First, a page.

Automakers and suppliers have expressed concern that a proposal from the Federal Communications Commission (FCC) to broaden the spectrum for Wi-Fi could interfere with accident-prevention technology that may cost as little as $100 per vehicle and save thousands of lives annually.
Last month at the International CES, FCC chairman Julius Genachowski announced that the commission was moving forward with a plan to open up a big strip of new spectrum for Wi-Fi use. Automakers aren’t against the idea of more unlicensed networks, but they are concerned that devices using those frequencies could likely interfere with the “talking car” networks they plan to launch in the next few years.
As reported by Angela Greiling Keane of Bloomberg, the connected-car technology, which can be installed in new cars at dealerships for the cost of about $100 per vehicle or sold as an aftermarket device, allows cars to talk to each other at short range to know, for example, when two are approaching an intersection, are about to collide in adjacent lanes or are approaching a vehicle up ahead too quickly.
Last week, the Intelligent Transportation Society of America (ITSA) sent a letter sent to Genachowski protesting his plans for the new Wi-Fi spectrum. The letter was signed by trade associations representing automakers including Ford Motor Co. and Toyota Motor Corp., and suppliers Delphi Automotive Plc., Denso Corp. and Robert Bosch GmbH.
“We support efforts to identify spectrum that may be utilized to expand Wi-Fi applications,” the auto industry trade groups said in the letter to Genachowski. “But with over 30,000 deaths on our nation’s roads every year, we also believe it is critical that efforts to open up additional spectrum do not come at the expense of revolutionary life-saving technologies.”
The National Highway Traffic Safety Administration, the U.S. agency that regulates auto safety, has said that 80% of crashes involving drivers who aren’t impaired could be prevented or reduced in severity if vehicles were equipped with these systems.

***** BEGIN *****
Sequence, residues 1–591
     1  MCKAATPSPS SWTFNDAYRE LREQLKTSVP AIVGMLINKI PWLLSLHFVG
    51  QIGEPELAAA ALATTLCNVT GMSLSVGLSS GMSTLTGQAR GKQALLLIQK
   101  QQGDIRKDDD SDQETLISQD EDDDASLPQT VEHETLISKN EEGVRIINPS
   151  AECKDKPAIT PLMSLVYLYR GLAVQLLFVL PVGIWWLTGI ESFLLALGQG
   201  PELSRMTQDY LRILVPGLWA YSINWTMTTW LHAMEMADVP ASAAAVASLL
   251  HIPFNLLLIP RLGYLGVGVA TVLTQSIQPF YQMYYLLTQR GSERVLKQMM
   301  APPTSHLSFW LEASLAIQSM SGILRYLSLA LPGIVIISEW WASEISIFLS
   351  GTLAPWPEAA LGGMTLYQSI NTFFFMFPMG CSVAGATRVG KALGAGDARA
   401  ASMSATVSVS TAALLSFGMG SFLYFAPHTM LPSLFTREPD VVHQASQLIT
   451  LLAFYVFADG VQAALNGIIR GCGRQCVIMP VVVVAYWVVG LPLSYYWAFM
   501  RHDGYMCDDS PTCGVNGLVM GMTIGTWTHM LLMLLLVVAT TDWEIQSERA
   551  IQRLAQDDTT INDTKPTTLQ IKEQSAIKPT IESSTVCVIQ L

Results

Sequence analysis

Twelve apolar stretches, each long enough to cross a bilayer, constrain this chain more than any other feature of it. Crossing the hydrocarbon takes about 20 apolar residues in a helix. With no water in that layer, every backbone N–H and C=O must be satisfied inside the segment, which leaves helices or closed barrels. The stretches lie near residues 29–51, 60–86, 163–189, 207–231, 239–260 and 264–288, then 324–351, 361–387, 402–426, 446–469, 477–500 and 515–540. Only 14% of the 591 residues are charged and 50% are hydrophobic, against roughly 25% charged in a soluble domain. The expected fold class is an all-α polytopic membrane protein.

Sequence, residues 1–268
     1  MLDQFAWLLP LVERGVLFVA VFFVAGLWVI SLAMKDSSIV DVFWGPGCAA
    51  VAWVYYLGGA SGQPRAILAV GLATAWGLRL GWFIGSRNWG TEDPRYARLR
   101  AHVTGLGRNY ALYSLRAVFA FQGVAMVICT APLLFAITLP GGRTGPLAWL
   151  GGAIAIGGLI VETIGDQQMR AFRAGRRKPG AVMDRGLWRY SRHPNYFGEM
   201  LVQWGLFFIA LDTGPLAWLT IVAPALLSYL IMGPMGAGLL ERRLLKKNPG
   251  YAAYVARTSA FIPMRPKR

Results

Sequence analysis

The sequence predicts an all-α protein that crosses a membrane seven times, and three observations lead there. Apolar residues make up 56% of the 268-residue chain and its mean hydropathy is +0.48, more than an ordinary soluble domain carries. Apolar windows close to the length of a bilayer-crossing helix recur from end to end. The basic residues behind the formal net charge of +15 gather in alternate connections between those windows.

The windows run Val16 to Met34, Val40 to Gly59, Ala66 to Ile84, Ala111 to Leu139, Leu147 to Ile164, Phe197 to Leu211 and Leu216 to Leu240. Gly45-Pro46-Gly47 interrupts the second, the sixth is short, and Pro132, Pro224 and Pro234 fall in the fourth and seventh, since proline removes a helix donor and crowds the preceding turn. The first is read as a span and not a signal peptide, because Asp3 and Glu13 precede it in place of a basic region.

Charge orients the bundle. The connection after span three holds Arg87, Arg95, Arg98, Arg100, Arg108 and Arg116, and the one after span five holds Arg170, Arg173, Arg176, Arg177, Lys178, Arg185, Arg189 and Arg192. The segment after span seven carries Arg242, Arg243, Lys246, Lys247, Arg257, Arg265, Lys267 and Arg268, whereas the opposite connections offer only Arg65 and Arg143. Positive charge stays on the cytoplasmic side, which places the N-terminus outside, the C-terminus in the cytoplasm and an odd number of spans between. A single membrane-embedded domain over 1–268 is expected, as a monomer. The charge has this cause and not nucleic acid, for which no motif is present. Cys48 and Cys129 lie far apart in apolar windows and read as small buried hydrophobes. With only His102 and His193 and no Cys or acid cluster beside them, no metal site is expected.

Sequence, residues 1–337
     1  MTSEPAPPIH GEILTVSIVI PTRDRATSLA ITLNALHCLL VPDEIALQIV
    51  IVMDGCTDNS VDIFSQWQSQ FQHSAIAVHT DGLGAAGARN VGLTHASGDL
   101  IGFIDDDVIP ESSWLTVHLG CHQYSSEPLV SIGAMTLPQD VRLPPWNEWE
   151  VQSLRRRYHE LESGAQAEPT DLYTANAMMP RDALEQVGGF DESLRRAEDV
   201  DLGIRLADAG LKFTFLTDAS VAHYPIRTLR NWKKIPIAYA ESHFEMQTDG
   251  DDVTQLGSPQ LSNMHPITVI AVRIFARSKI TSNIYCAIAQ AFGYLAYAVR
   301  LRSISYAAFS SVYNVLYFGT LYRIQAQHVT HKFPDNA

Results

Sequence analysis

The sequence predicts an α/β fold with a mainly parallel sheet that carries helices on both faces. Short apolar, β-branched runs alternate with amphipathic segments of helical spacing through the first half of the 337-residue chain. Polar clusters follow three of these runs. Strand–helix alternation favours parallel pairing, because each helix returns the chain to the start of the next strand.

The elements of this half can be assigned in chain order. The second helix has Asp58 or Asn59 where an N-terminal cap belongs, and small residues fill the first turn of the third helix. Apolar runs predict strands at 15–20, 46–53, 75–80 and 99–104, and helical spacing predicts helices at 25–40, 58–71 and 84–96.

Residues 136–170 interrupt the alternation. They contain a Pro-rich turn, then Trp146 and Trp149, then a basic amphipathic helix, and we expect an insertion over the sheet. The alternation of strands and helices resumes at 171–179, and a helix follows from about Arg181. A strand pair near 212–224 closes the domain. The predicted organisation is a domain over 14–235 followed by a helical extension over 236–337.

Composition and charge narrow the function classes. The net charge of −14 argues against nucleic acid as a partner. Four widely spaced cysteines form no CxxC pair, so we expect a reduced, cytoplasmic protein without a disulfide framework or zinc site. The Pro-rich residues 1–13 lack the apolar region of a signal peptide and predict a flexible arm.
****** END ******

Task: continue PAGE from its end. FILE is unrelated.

The connected-vehicle technology, now being road tested on almost 3,000 cars, trucks and buses in Ann Arbor, Mich., could be the precursor to self-driving vehicle.
According to the letter from the ITSA, if the new commercial Wi-Fi signals were to bleed out into the protected Wi-Fi signals of the car network, the safety and transportation management benefits could be compromised, as well as the hundreds of millions of dollars automakers and the government have invested in the technology over more than a decade.
Gregory Rohde, a former chief of the National Telecommunications and Information Administration, compared the situation to the conflict endured by bankrupt satellite provider LightSquared Inc. The company’s proposal to build a wireless broadband network was initially approved by the FCC, then stalled because of evidence that its signals would interfere with global-positioning navigation gear.
The FCC will vote on Feb. 20 on Genachowski’s proposal to form rules allowing new users into airwaves near the car-to-car communication swaths, according to the meeting’s agenda.